Is Children of the New Forest the earliest English fiction for children never to have gone out of print?
or, sequentially, Midshipman… Lieutenant… Commander… Marryat came somewhat late to writing novels and later still to writing novels for children. His run of rollicking sea- and adventure-stories for a mainly adult readership had almost run its course by 1840 when his children who, it seems, were fans of The Swiss Family Robinson requested papa to write them a sequel to that unexhausted kaleidoscope of desert-island life.
Papa was appalled.
Consulting one of the many varied translations that were coming on the market at that time he saw no good in it: ‘Amusing’ it may have been but ‘it does not adhere to the probable, or even the possible, which should ever be the case in a book, even if fictitious, when written for children’. The want of seamanship was predictable since that occurred regularly in naval writings, but it was ‘the ignorance, or carelessness’ in matters concerning animal, vegetable, and topographic affairs that forbade any attempt at continuation. So he decided to write a fresh account ‘in the same style’.
That turned out to be Masterman Ready; or the wreck of the Pacific,
the first volume of which was published by Longman in 1841. Marryat saw it as a bow at a venture, promising more if it was successful, and in 1842 two further volumes showed that that had been the case. For all its accuracy though, it shares with its forerunner unappealing moments of piety and didacticism whose continuance in print down to the twentieth century tells more of the moribund nature of ‘reward-book’ publishing than of a genuine affection on the part of the readers.
Contemporary success however,
pointed a way forward for Marryat as writer and with the publication of The Children of the New Forest in two volumes in 1847 he aimed for a less formulaic children’s book. It opens in 1647 at the time of the escape of Charles I from detention in Hampton Court and his presumed flight southwards to the coast. Ruthless Levellers are after him, burning down, in the course of their hunt, the mansion of the Royalist Beverley family at Arnwood, near Lymington, on the off chance that the King is hiding there. That might have been the end of the story since no quarter was offered and it was assumed that the four Beverley children, all orphans, died in the immolation. But, thanks to that vital ingredient in adventure stories, an overheard conversation, the children are rescued just before the Levellers arrive and are taken into the forest to live with the Beverleys’ faithful retainer, Jacob Armitage.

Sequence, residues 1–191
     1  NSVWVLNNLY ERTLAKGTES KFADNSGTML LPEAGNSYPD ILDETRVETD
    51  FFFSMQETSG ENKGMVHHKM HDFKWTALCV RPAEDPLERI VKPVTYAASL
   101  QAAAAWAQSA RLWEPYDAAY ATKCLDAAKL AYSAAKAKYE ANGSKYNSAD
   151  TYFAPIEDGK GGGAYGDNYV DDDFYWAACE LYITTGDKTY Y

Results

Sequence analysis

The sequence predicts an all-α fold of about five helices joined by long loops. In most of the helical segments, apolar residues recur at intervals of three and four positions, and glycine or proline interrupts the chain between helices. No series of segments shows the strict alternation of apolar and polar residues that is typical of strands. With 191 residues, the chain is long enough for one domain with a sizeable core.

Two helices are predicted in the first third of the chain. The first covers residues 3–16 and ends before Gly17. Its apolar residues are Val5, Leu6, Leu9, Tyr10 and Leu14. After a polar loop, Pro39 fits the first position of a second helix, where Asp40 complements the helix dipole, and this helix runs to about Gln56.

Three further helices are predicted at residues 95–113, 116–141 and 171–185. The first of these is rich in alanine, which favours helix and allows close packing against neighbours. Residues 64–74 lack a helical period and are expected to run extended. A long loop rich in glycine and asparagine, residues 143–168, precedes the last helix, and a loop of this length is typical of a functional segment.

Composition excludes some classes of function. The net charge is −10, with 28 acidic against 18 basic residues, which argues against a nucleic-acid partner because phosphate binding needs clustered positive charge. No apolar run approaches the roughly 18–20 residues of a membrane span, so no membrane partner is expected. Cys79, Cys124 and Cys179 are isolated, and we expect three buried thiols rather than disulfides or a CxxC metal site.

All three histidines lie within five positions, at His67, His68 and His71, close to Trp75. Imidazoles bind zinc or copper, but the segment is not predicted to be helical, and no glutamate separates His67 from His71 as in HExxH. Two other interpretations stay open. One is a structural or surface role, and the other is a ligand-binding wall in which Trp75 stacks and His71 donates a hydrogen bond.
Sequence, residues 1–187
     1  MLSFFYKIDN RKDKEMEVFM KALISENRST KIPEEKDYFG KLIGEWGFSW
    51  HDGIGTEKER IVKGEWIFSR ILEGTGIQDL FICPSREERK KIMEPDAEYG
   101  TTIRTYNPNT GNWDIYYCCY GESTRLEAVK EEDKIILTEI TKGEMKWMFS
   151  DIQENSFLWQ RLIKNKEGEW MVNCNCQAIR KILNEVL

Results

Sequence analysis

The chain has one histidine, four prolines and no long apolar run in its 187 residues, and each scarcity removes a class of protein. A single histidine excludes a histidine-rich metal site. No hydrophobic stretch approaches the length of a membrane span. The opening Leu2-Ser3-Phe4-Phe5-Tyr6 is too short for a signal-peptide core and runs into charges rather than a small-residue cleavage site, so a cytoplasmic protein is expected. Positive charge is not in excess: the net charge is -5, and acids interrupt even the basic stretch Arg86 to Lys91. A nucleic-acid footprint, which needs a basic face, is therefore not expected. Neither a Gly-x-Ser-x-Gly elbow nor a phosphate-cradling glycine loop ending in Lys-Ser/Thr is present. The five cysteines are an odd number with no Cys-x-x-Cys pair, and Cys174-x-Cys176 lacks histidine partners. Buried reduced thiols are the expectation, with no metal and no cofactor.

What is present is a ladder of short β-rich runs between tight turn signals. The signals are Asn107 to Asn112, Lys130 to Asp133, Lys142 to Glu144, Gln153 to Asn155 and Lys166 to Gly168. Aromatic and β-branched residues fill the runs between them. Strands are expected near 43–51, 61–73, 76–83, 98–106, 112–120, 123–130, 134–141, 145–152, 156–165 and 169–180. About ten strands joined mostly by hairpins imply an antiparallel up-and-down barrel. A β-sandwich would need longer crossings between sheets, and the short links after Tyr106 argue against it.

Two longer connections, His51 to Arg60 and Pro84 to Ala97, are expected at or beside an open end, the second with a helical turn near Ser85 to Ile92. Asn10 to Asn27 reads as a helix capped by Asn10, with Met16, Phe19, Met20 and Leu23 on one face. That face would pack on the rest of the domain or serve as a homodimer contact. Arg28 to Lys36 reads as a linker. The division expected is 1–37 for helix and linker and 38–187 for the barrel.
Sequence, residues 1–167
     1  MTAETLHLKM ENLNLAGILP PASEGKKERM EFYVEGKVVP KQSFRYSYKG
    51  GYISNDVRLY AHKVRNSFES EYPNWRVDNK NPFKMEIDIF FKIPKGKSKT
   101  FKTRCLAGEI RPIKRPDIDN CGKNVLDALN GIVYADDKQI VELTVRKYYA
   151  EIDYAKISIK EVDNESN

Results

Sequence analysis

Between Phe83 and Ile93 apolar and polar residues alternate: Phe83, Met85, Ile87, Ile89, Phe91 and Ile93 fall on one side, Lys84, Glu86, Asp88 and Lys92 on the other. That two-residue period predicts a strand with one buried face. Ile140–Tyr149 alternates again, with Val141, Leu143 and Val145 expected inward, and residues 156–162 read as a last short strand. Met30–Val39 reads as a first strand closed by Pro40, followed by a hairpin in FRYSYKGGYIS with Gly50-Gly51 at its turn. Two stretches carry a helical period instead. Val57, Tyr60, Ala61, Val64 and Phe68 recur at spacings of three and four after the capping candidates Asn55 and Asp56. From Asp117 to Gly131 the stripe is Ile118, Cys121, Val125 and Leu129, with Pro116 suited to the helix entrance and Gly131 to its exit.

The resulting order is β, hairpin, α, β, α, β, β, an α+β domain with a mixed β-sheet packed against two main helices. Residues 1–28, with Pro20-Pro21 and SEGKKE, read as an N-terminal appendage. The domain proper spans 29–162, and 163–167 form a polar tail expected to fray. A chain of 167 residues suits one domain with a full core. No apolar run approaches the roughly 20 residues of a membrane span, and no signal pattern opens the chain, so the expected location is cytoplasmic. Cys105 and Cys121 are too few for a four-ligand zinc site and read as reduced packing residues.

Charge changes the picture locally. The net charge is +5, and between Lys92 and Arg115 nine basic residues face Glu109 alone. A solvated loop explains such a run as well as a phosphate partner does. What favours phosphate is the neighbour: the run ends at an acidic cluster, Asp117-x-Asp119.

The four children,
two boys, aged thirteen and twelve, and two girls, eleven and eight, are biddable learners, despite their rank, and, taking their harbouring in a forest cottage as a bit of a game, adapt themselves to their suddenly restricted fortune. Jacob Armitage, on whose wits they are entirely dependent, is a bit of a Masterman Ready in his bluff practicality, but he is not given so regularly to homespun theology and his forest skills are the more easily passed on to his pupils than would be those of the old mariner. As time goes on, through the development of the children’s native abilities, the cottage retreat becomes something of a successful smallholding – Edward, the eldest, becoming a great deer-stalker and thus producer of saleable venison, his brother, Humphrey, a natural property developer and creator of a little working farm.
between the need for secrecy and some necessary contacts with the world beyond the cottage eventuates in Edward’s accidental encounter, in the role of Armitage’s grandson, with a newly appointed Parliamentary Intendant of the Forest and his daughter. Through this the plot opens out to some side-adventures, with villainy and bloodshed, rather in the style of those experienced by Mr Midshipman Easy in Marryat’s best-known novel. While not quite a deus ex machina, the Intendant, who had been a friend to Cromwell, proves more sympathetic than the latter’s more fanatical followers, and will ultimately become a saviour of the Arnwood estate and Edward’s father-in-law to boot.
that confronted Marryat in the planning of the story was the dozen years that passed between the burning of Arnwood and the Restoration during which the children of the New Forest all grow into twenty-year-olds, while the political tensions more or less disappear. There is some sleight of hand in the galloping history of those years, but the fiction is saved at its final, Hollywood-style denouement, by what has sustained it throughout: Marryat’s success in the portrayal of his maturing characters.
of establishing his author as a distinctive writer for children, the publisher announced this work as the first of a ‘Juvenile Library’ of Marryat’s work and gave the two volumes coloured title pages. They were also illustrated with twelve handsome etchings by Marryat’s son, Frank. The project was short-lived however because Marryat died before he could finish the next volume in the series: The Little Savage, which Frank had to complete. It had less success, probably for that reason, but The Children established a secure niche for themselves and have never been out of print since their first sojourn in the New Forest.
Children of the New Forest is published by CreateSpace Publishing 978-1- 4848-7348-9.
Brian Alderson is founder of the Children’s Books History Society and a former Children’s Books Editor for The Times. His book The Ladybird Story: Children’s Books for Everyone, The British Library, 978-0712357289, £25.00 hbk, is out now.